After feeling very inspired by Laura Jansen’s (Lightning Cosplay) beautiful voodoo witch cosplay, I set about trying to make my own! Thankfully for me Laura has recently released her very first tutorial book ‘Horns and Headdresses’ which covers how to work with materials such as foam, Worbla’s Finest Art (which most people know as Worbla) and Kobracast. This book is definitely a good starting point for people who know and have a sound understanding of how these materials work and are looking to develop their skills further. I won’t stray into too much detail about how to make the headdress as it’s all explained clearly in Laura’s tutorial book and I’d highly recommend purchasing it.
The book is very thorough and gives many good examples of different styles of headdresses so that the reader can create their own. There was even a tutorial of the voodoo headdress that I so greatly admired (woo hoo!). It was so clearly explained that I knew exactly what I needed to and what materials I needed and I didn’t need to stray much further from eBay to get everything that I required. The trickiest thing to get right was Styrofoam! eBay doesn’t have a lot of choice sadly, the foam isn’t in the greatest condition and is very expensive so I turned to 4D model shop which is very reasonably priced and has a good range of foam. It took me a couple of attempts to get the right size though! There was also the issue with cutting the Styrofoam, I invested in a good table top hot wire cutter as the prices for Styrofoam cutters were insanely expensive. The table top hot wire cutter is very easy to use and cuts smoothly through the foam with ease.
After cutting my horns to the template that I’d made, I then carved them into shape with the craft knife. It’s incredibly important to have a sharp knife as foam dulls a blade incredibly quickly, so I’d recommend purchasing a hobby knife where you can easily change the blade, which you will need to do very often if you want smooth and easy cuts. Be very careful too though! I gained quite a few cuts and scrapes to my hands at this stage, whoops! Many cuts later I had the shape that I wanted and was ready to begin sanding. Make sure when you move onto the sanding stage that you choose a very fine grit sanding paper, you don’t want to make your wrist ache any more than it will so you want to make it as easy as possible!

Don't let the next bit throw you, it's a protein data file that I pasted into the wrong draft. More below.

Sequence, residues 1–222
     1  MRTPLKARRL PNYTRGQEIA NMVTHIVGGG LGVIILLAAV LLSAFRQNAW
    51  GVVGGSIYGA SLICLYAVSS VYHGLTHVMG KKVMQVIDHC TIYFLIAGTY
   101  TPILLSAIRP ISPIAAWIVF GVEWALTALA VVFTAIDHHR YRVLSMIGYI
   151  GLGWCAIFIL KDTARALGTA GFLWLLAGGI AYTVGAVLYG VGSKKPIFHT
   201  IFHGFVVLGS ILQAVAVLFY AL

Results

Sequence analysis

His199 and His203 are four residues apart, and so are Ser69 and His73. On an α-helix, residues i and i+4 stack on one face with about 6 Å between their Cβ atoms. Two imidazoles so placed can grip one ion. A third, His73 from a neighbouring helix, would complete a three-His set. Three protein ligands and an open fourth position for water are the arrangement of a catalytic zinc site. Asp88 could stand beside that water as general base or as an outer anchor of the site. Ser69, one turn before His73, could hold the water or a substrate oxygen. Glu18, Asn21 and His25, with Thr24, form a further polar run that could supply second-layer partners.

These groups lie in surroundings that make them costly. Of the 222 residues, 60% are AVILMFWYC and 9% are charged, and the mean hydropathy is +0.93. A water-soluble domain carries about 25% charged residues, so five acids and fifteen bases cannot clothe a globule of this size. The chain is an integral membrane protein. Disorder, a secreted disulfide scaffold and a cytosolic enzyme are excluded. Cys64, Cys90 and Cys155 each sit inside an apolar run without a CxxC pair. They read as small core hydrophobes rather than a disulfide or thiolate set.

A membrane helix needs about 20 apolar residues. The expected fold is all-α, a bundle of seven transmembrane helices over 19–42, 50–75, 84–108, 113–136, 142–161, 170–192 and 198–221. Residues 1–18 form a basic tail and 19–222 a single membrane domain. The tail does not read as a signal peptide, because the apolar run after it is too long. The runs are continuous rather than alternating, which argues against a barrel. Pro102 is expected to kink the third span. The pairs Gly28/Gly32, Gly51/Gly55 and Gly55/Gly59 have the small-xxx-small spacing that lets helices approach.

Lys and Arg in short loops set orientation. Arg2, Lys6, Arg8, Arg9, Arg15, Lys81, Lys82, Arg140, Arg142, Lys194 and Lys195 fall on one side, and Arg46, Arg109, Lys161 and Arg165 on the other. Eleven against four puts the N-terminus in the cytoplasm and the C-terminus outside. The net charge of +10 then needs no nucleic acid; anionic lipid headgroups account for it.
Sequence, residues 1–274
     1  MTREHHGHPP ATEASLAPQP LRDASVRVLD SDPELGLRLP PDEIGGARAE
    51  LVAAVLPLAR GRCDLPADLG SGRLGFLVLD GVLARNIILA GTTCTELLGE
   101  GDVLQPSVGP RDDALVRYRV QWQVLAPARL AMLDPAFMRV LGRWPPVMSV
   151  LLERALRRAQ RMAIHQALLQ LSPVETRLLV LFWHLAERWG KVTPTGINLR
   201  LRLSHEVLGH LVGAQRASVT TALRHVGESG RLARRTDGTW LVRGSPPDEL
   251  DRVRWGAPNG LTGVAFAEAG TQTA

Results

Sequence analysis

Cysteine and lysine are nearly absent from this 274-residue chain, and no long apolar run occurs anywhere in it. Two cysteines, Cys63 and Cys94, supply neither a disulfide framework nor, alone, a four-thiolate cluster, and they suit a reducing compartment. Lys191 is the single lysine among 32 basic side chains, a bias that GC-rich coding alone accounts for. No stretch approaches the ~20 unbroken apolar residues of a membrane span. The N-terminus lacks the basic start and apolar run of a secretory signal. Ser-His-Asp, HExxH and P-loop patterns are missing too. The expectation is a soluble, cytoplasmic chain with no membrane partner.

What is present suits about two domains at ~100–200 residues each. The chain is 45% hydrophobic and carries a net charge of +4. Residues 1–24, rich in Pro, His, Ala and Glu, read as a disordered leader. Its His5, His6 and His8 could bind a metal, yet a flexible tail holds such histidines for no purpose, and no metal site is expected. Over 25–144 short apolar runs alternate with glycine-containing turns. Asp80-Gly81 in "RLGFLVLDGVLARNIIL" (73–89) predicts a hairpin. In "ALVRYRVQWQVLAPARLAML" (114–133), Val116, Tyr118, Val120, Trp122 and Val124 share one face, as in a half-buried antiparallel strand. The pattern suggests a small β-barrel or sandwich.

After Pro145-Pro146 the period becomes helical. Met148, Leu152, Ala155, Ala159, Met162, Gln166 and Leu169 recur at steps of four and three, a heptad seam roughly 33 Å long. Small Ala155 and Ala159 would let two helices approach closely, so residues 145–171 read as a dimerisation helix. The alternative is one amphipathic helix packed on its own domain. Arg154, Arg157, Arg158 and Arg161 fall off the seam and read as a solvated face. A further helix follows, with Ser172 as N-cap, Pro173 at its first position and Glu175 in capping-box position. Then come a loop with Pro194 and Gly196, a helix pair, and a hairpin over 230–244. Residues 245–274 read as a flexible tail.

Then ugh, I remember this next part oh too well. Because it took sooooo long and it was incredibly tedious. I’m talking about the part that’s going to make your horns look like horns! Creating all the individual grooves and lines for detail took a very long time as it involved drawing all the grooves, carving them with the dremel and then sanding each individual groove. The sanding took the longest but is definitely a very crucial step as without it the grooves would be messy, harsh and dented lines.
The recurring theme of this build is patience, you do need a lot of it to complete the headdress and this project definitely did test mine many times. Particularly when it came to sanding and then covering them in Worbla, which took a surprisingly long time (around 2 hours in fact) as you have to carefully layer the Worbla and push it gently in-between each groove which means you have to heat up the Worbla a bit at a time. Patience is definitely worth it here though if you want to show off your hard work in creating all that detail!
After more sanding, priming and the painting you get to do the exciting part, decorating! I loved sourcing out materials like shells, little skull beads and feathers to complete the overall look. And of course left over Worbla scraps to create the skulls and bones! Although by far my favourite new material that I discovered whilst completing this project was definitely the foam clay which is what I used to create the jawbone pieces. It is incredibly lightweight and can be covered in another material such as paper mache if you want to hide the dimply surface. It also smells a lot like a very posh hand cream, although I’ve since been told that that’s just me!
I really enjoyed the project and it definitely pushed me to try new things and gain some new skills. It was worth the effort and I eagerly await using these skills in another project. Laura also has a new tutorial book coming out soon on making horns by sculpting and casting, bring on the next challenge! You can buy Laura’s tutorial books here: http://www.lightningcosplay.com/